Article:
CHICAGO – As recovery from the late June storms and flooding continues, Michiganders should consider ways to reduce the risk of damage to their homes and businesses when future disasters occur. Federal assistance may be available from FEMA and the U.S. Small Business Administration (SBA) to help you do so.
Protect Your Property from Future Disasters Simple steps to make your property more resilient might include:
- Closing any foundation cracks with mortar and masonry caulk or hydraulic cement.
- Making sure you have a sump pump with battery-operated backup in case of electrical failure. Consider hiring a plumber to install a back-flow valve, to push the flow of water and sewer backup away from your property.
- Raising and anchoring service equipment and appliances such as air-conditioning units, water heaters, furnaces, heat pumps, and water meters onto platforms so they are at least one foot above the potential flood height.
- Elevating or moving the electrical panel and major appliances such as washers, dryers and hot-water heaters.
- Building up any sunken areas around the foundation, digging small depressions or installing a French drain to properly channel water, and otherwise improving your yard so it slopes away from the foundation.
- Installing shingles designed to withstand high winds or applying a heavier rubberized membrane under shingles to help reduce or eliminate interior water damage.
Federal Funding Options for Risk Reduction Actions You may be eligible for funding through FEMA or SBA to take these important steps.
FEMA’s Individuals & Households Program Homeowners who are eligible for FEMA’s individual assistance program may receive additional funds from FEMA for specific risk reduction measures. Eligible actions funded under this program are limited to the following:
- Roof repair to withstand higher winds and help prevent water infiltration.
- Elevating a water heater or furnace to avoid future flood damage.
- Elevating or moving an electrical panel to avoid future flood damage.
FEMA grant funding will only be provided for components that were present and functional prior to the disaster and were damaged by the disaster.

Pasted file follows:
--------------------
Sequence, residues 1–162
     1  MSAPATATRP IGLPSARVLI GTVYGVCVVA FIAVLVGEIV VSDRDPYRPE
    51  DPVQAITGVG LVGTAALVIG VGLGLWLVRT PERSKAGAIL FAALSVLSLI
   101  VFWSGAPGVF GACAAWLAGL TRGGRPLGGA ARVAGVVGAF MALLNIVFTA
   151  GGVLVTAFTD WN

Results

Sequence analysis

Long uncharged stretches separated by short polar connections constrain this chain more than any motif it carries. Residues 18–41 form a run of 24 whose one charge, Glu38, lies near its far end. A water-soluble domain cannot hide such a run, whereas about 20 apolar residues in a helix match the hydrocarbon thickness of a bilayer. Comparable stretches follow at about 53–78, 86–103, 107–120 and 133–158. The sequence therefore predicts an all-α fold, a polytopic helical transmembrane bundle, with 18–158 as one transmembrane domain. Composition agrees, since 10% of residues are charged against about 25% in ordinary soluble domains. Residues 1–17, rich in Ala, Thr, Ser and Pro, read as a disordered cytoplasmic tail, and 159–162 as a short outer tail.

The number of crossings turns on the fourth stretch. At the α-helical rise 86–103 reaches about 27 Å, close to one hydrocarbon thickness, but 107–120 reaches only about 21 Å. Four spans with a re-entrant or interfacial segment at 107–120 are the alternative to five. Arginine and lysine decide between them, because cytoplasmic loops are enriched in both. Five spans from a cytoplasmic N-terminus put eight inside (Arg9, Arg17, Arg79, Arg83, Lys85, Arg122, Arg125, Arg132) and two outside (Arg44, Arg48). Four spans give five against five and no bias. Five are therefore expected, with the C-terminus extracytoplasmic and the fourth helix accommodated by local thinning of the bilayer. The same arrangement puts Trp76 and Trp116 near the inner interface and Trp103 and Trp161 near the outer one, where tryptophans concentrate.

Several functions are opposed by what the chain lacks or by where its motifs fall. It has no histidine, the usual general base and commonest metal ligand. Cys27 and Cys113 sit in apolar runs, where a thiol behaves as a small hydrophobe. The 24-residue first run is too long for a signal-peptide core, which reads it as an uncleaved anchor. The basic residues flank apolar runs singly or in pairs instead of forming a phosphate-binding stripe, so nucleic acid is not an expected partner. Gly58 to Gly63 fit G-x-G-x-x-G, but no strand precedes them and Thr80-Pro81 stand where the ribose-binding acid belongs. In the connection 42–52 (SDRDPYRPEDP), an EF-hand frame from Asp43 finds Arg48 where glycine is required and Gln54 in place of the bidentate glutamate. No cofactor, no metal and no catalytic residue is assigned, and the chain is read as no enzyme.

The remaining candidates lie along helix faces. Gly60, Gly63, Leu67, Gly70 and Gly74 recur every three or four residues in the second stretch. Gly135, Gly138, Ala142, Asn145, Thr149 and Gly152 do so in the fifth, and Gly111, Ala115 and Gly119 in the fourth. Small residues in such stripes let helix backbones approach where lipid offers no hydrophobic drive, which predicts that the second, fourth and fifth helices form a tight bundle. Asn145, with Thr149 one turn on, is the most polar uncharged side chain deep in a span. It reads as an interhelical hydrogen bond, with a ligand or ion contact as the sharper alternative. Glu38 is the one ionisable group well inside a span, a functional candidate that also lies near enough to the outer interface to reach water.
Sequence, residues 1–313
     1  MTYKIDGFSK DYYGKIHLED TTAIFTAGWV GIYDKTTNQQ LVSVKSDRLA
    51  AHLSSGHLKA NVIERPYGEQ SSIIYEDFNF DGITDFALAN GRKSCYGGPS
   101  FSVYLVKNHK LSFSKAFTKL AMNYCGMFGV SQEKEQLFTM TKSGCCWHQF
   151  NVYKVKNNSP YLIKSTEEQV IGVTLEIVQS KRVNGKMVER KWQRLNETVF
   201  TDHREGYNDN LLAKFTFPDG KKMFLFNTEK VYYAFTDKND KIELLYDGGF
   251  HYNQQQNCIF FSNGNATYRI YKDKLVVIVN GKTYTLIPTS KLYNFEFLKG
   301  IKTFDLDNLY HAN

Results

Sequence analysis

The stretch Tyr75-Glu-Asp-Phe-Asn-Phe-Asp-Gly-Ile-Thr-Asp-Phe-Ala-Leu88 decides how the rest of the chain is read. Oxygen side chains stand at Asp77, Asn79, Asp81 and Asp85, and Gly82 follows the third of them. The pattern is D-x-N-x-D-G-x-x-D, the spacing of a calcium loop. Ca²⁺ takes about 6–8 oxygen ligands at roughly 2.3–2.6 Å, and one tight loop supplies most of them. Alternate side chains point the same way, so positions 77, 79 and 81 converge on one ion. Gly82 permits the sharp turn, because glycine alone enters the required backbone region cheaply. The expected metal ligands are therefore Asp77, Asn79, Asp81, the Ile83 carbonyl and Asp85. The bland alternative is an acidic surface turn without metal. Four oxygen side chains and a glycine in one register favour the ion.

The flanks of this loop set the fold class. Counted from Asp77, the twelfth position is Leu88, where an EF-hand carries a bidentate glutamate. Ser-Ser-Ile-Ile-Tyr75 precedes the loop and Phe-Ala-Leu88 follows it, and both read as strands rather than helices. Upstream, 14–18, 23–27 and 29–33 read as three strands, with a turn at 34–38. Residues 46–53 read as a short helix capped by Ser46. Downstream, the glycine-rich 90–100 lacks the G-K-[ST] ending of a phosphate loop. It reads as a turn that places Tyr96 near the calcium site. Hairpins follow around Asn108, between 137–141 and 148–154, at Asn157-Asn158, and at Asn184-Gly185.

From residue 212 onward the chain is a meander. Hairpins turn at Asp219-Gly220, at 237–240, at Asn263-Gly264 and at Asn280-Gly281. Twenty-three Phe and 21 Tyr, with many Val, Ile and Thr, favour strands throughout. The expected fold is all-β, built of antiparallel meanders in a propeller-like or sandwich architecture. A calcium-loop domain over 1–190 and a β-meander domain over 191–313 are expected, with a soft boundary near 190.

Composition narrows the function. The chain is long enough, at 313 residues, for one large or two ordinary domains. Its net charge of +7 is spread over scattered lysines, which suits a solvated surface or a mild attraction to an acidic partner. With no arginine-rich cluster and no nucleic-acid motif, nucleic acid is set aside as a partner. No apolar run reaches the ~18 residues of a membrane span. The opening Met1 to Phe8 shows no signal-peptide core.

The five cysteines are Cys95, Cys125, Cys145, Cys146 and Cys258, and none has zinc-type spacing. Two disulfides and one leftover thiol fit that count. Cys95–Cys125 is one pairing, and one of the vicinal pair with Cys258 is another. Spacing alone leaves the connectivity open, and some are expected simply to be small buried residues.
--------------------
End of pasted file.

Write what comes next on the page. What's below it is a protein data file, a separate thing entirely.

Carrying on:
You will be informed by mail if you qualify for assistance that includes these mitigation measures. These additional funds will be provided within the award amount for homeowners determined eligible for home repair assistance from FEMA. If you received home repair assistance and are unsure whether mitigation funding was included in your grant award, contact the FEMA Helpline at 800-621-3362. If you use a relay service, such as video relay service (VRS), captioned telephone service or others, give FEMA the number for that service. You can also visit a recovery center; to find the location nearest you, visit www.FEMA.gov/DRC.
U.S. Small Business Administration (SBA) If you’re approved for a low-interest disaster loan from the SBA to help pay for uninsured or uncompensated losses or damage from the June 25-26 severe storms and flooding, and you want to take risk reduction actions not funded through FEMA’s programs, SBA may be able to help.
Examples of improvements that SBA’s mitigation loan program might cover include installing retaining walls, back-flow valves, sump pumps, French drains, etc. SBA’s mitigation loan money would be in addition to the amount of the approved loan, but may not exceed 20 percent of total amount of physical damage to real property, including leasehold improvements, and personal property as verified by SBA to a maximum of $200,000 for home loans. It is not necessary for the description of improvements and cost estimates to be submitted with the application. SBA approval of the mitigating measures will be required before any loan increase. Business owners may also be eligible for SBA’s mitigation loan program to fund actions to protect their property from future disaster damage.
For more information, call the SBA’s Customer Service Center at 800-659-2955 or send an email to DisasterCustomerService@sba.gov. You can also visit your nearest recovery center to talk with an SBA representative.
Learn more about reducing your disaster risk and preparing for emergencies at www.floodsmart.gov/community and www.ready.gov. Find more information about Michigan’s recovery by visiting www.fema.gov/disaster/4607.
Disaster recovery assistance is available without regard to race, color, religion, nationality, sex, age, disability, English proficiency, or economic status. Reasonable accommodations, including translation and American Sign Language interpreters via Video Relay Service will be available to ensure effective communication with applicants with limited English proficiency, disabilities, and access and functional needs. If you or someone you know has been discriminated against, call FEMA toll-free at 800-621-3362 (including 711 or Video Relay). If you are deaf, hard of hearing or have a speech disability and use a TTY, call 800-462-7585.
FEMA’s mission is helping people before, during, and after disasters.